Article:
By Gene Cherry
EUGENE, Oregon - Controversial Justin Gatlin set the stage for a world championship showdown with Usain Bolt when he won the 200 meters in a blazing 19.57 seconds at the U.S. trials in Oregon on Sunday.
Only four people, including world record holder Bolt, have ever run faster than the 33-year-old, whose previous best was 19.68 seconds.
"I wanted to come out and make a statement, and that's what I did," said the fast starting Gatlin.
Training partner Isiah Young was second in 19.93 with the 30-year-old Wallace Spearmon taking third in 20.10.
The wind was an allowable 0.4 meters per second.
Gatlin, the year's fastest at 100 and 200, had a bye in the 100 at the trials, but plans to challenge Bolt at both distances in the August world championships in Beijing.
They have not met since 2013 with Gatlin, who has served two doping bans, piling up a two-year unbeaten streak.
Olympic champion Jenn Suhr was equally dominate, soaring to the best pole vault performance of the year, 4.82 meters, and Jenna Prandini captured the women's 200m in 22.20 seconds on the University of Oregon track where she competes collegiately.
Candyce McGrone and Jeneba Tarmoh joined her on the team for the world championships.
David Oliver showed he will be ready to defend his world 110m hurdles title with a dominant run of 13.04 seconds.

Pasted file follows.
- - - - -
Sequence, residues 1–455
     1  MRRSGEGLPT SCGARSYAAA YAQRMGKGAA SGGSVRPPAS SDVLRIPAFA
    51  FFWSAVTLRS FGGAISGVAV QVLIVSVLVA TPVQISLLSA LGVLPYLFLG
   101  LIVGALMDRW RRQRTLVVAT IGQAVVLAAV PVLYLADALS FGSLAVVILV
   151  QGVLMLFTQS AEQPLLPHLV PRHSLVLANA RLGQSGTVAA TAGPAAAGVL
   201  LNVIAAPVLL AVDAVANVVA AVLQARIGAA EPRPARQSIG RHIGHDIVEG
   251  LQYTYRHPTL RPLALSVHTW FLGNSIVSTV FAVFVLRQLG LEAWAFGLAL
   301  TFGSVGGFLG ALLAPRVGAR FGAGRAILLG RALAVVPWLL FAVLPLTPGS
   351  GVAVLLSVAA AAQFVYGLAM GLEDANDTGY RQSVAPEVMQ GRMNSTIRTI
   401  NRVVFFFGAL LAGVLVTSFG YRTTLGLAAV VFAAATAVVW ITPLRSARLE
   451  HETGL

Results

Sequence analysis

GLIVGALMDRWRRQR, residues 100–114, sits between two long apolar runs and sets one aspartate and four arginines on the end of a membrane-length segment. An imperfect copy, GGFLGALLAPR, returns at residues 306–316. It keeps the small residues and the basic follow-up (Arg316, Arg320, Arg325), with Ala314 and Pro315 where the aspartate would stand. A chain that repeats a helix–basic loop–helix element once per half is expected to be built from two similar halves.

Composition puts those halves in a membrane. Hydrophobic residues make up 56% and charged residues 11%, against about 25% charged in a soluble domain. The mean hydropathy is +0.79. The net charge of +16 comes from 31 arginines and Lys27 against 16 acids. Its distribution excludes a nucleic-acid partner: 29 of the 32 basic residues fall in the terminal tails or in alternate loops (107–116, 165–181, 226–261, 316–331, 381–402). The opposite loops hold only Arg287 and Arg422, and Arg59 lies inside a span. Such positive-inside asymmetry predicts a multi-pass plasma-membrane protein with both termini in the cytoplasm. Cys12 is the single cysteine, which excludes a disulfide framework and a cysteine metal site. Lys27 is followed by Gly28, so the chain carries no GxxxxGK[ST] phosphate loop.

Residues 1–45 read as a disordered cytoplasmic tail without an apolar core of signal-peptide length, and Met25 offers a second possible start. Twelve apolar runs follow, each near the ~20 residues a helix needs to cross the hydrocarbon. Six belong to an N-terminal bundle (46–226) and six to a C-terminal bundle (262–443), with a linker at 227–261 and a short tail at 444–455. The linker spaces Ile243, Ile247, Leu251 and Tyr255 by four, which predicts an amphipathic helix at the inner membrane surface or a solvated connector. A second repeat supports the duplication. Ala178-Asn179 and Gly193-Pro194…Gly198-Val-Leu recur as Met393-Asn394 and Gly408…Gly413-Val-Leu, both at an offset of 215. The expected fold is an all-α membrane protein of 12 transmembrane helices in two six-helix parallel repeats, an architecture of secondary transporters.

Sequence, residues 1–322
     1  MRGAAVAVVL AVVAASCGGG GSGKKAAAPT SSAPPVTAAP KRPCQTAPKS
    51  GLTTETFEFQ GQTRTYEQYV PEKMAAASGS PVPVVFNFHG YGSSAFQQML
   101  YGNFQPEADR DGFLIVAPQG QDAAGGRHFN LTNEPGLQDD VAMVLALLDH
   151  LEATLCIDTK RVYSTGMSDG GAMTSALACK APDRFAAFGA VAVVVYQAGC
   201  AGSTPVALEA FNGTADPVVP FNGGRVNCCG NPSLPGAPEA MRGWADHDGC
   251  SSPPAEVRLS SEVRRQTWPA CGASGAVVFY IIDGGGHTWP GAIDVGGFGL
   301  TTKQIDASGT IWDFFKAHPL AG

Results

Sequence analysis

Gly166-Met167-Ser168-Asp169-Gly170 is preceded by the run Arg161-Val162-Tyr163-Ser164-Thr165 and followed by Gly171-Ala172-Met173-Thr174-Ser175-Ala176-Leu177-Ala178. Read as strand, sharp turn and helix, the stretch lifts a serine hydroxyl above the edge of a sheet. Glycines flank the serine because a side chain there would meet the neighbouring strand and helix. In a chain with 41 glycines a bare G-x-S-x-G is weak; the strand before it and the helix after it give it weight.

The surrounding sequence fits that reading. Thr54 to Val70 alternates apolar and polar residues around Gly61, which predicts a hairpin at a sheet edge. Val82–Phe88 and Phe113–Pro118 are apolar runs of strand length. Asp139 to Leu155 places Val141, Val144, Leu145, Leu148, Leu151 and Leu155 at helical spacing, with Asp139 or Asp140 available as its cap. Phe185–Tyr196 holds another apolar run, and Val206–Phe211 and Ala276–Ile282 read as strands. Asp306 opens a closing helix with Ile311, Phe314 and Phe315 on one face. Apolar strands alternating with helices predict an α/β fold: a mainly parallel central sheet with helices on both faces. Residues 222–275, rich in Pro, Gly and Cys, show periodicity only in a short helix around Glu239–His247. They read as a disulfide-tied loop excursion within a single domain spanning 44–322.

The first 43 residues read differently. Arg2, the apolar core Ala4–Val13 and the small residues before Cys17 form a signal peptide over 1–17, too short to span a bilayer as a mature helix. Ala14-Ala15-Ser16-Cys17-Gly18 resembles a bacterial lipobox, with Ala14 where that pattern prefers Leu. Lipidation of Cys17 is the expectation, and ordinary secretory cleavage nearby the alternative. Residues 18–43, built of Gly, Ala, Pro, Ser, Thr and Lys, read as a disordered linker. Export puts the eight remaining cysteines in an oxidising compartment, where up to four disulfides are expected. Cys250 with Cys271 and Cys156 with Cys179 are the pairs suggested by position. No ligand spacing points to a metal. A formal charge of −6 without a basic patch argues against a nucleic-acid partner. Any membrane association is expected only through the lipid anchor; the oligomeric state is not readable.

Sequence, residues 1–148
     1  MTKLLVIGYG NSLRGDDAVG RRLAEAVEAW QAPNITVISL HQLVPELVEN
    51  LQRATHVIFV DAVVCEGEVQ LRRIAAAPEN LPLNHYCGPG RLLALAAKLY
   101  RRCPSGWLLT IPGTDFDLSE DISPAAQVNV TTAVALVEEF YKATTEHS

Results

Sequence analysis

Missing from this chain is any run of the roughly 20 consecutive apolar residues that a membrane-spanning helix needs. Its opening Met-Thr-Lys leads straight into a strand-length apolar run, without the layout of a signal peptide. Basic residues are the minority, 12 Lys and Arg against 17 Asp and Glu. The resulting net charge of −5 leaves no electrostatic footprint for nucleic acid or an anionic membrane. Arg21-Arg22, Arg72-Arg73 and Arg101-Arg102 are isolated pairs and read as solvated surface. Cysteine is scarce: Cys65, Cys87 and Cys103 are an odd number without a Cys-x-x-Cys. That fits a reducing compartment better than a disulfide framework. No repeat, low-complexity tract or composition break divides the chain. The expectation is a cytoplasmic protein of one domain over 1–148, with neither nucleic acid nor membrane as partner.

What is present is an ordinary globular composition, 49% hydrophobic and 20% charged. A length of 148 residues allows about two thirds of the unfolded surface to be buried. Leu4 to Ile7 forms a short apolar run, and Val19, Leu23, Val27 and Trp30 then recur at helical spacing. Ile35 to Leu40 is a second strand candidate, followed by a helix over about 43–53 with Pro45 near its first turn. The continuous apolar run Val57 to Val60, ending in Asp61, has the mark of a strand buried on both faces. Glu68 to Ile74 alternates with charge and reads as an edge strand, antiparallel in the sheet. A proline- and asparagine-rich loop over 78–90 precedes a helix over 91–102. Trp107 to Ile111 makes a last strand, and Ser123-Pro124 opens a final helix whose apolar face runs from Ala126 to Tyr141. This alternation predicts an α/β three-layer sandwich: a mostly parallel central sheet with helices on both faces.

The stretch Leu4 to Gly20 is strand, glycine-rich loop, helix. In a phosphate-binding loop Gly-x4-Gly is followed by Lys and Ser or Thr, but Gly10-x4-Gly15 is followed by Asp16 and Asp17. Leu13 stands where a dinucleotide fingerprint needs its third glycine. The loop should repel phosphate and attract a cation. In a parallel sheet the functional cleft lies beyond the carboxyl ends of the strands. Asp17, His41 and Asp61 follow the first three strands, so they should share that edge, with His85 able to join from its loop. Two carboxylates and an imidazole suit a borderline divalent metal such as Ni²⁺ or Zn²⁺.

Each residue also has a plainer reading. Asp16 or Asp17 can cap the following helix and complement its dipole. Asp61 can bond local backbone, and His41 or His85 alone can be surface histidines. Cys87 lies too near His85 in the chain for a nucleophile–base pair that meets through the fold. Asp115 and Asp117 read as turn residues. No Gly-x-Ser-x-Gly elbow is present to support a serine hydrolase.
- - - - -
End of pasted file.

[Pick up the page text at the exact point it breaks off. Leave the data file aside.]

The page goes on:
Ronnie Ash, world record holder Aries Merritt and Aleec Harris took the next three spots, giving the U.S. four hurdlers in Beijing since Oliver has a bye.
Olympic 10,000m silver medalist Galen Rupp, caught up in doping allegations involving his coach Alberto Salazar, made the U.S. team in a second event, the 5,000m.
Ryan Hill broke through to win in 13:50.69 with Ben True second in 13:51.09. Rupp finished third in 13:51.54.
Salazar has been accused in a BBC program and ProPublica story of giving Rupp the banned steroid testosterone in 2002 when Rupp was only 16, and encouraging athletes to misuse prescription drugs.
He has denied all the allegations but is under investigation by the U.S. Anti-Doping Agency (USADA), a source told Reuters.
Rupp said, “I’ve got nothing to hide. I’ll do whatever I need to do to cooperate with them (USADA)."
But fellow distance runner Kara Goucher lashed out at a report Salazar issued denying the allegations.
"I understand if you read it through, it looks like I am a liar. I don't like being labeled a liar," an emotional Goucher, among those making allegations against Salazar, told reporters after her race.
She said she had been talking to USADA about Salazar since 2013 and would welcome a chance to testify under oath.
(Editing by Andrew Both and Ken Ferris)